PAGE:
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Red Sox manager Alex Cora had to know.

After seeing the numbers that 22-year-old Rafael Devers is putting up for his club, he wanted to know where the club’s designated hitter and hitting guru, J.D. Martinez, was at Devers’s age.

“He [Martinez] said, ‘I was raking in A-ball,’ ” Cora detailed after Wednesday night’s 5-4 Sox win against the Toronto Blue Jays “And I was like, ‘Yeah.’ And we look at [Rafael] and we see this.”

This was on display Wednesday: 3 for 5 with a homer, a double and a single, accounting for four of the five Sox RBIs. Devers is now batting .326 with 18 homers and a .938 OPS.

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He lives gap to gap and line to line. For instance, his homer in the third was to left. His double the following inning went to right field and then his single was squared up to the right-center field gap.

“In 2017 I saw it from afar,” Cora said. “He has an ability to stay on pitches and at the same time turn on pitches. When he’s not expanding the zone, he’s very dangerous. Early in the season when he was hitting .330 at one point, he looked like he felt he could swing at anything and then his average went down. I think that was a great learning experience, don’t chase hits, just stay within yourself.’’

The Toronto Blue Jays have been a pain in the Red Sox’ side this season. A team whose offensive youth has resulted in some gray hair when it comes to the Sox pitching staff. Entering Wednesday, the Blue Jays scored 88 runs in 14 games against the Sox. They launched 25 homers in that span, too, and sported an .845 OPS. On Tuesday evening, they even put up 10 runs in yet another Sox loss.

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But like Devers, Rordriguez kept the Sox in this one, going 6⅓ innings and allowing just two runs on solo shots by Teoscar Hernandez. In his May 21 outing against the Blue Jays, Rodriguez got knocked around for six earned runs in just five innings and the Sox lost, 10-3. But that was then. In his last three outings, Rodriguez had only yielded four runs in 17⅓ innings.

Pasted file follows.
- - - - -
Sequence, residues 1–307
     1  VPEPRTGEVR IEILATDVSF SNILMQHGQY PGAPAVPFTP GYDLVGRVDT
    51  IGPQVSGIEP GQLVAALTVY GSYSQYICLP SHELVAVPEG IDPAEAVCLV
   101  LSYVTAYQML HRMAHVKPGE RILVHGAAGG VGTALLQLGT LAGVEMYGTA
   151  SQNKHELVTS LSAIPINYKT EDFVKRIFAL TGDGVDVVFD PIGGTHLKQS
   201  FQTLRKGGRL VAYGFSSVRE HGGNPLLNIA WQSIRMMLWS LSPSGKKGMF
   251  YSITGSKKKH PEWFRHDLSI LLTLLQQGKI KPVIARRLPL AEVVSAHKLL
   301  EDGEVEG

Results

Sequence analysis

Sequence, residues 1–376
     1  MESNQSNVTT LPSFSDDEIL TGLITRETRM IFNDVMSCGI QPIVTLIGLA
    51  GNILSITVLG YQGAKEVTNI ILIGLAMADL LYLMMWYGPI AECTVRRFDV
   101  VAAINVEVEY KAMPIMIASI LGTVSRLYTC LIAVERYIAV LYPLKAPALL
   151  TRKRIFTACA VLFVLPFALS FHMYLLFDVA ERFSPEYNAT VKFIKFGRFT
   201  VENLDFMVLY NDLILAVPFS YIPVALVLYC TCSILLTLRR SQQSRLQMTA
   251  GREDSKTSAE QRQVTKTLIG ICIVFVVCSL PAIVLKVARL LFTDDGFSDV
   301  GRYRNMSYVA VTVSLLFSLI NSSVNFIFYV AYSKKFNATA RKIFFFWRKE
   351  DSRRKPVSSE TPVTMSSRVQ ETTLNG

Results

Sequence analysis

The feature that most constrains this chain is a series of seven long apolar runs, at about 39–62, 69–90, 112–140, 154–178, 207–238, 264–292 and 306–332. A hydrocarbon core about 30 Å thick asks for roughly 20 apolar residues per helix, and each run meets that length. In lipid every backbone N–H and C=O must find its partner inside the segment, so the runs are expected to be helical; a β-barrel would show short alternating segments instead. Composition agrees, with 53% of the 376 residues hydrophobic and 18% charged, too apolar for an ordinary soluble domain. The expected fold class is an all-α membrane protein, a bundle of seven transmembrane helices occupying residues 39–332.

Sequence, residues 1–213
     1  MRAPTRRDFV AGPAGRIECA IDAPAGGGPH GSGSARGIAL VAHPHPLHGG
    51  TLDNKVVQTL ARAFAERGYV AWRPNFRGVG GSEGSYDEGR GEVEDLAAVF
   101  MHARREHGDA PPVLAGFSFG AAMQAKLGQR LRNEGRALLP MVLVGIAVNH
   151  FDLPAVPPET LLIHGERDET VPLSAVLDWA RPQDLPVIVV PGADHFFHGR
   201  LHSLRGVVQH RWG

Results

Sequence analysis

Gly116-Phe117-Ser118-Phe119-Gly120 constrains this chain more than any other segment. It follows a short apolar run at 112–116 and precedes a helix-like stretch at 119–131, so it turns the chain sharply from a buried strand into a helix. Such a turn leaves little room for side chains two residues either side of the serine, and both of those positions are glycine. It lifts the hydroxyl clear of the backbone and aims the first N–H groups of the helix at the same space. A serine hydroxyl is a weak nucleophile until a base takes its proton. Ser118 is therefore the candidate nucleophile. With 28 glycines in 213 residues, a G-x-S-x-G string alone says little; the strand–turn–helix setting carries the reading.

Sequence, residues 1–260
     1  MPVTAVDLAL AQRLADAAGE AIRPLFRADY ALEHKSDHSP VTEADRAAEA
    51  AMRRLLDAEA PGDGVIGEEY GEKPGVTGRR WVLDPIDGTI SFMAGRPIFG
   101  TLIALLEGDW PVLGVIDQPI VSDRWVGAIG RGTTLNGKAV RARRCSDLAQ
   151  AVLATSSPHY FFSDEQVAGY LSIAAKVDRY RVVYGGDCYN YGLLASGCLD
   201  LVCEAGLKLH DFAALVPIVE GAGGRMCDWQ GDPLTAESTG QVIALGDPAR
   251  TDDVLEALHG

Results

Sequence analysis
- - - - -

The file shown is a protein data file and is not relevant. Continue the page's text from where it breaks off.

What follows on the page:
“For me it’s just go up there and go as deep I can (into games) and give innings,” Rodriguez said on his outing Wednesday. “That’s my goal all the time. I felt good. I was using my pitches pretty good.”

Said Cora: “He limited damage. Not too much hard contact. His fastball command, the changeup is outstanding. You can see, he’s getting better. Overall the last month and a half he’s been very consistent.”

Matt Barnes took over for Rodriguez with one out and two men on in the seventh and didn’t allow a run. Yet Josh Taylor did in the eighth on a Lourdes Gurriel solo shot, which cut the Red Sox lead to 4-3. Nevertheless in the bottom of that inning, Devers, the kid of the hour — or season — tallied his fourth RBI on a single. It gave the Sox much-needed insurance because Cora had a depleted bullpen, having to ride Brandon Workman for a five-out save after Taylor sputtered in the top of the eighth. Workman yielded a run in the ninth, but struck out Randal Grichuk to end the game.

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“We were expecting [Taylor] to do the job and he didn’t, but we felt at that point [Workman] was the guy. We’re going to get better.”

Currently, though, there might not be anyone better than Devers on the Sox, who, at times, has put his squad on his 22-year-old shoulders.

“The approach that he now has at the plate, it’s different,” Rodriguez said. “Now he’s hitting the balls that he has to hit. He’s getting better and better.”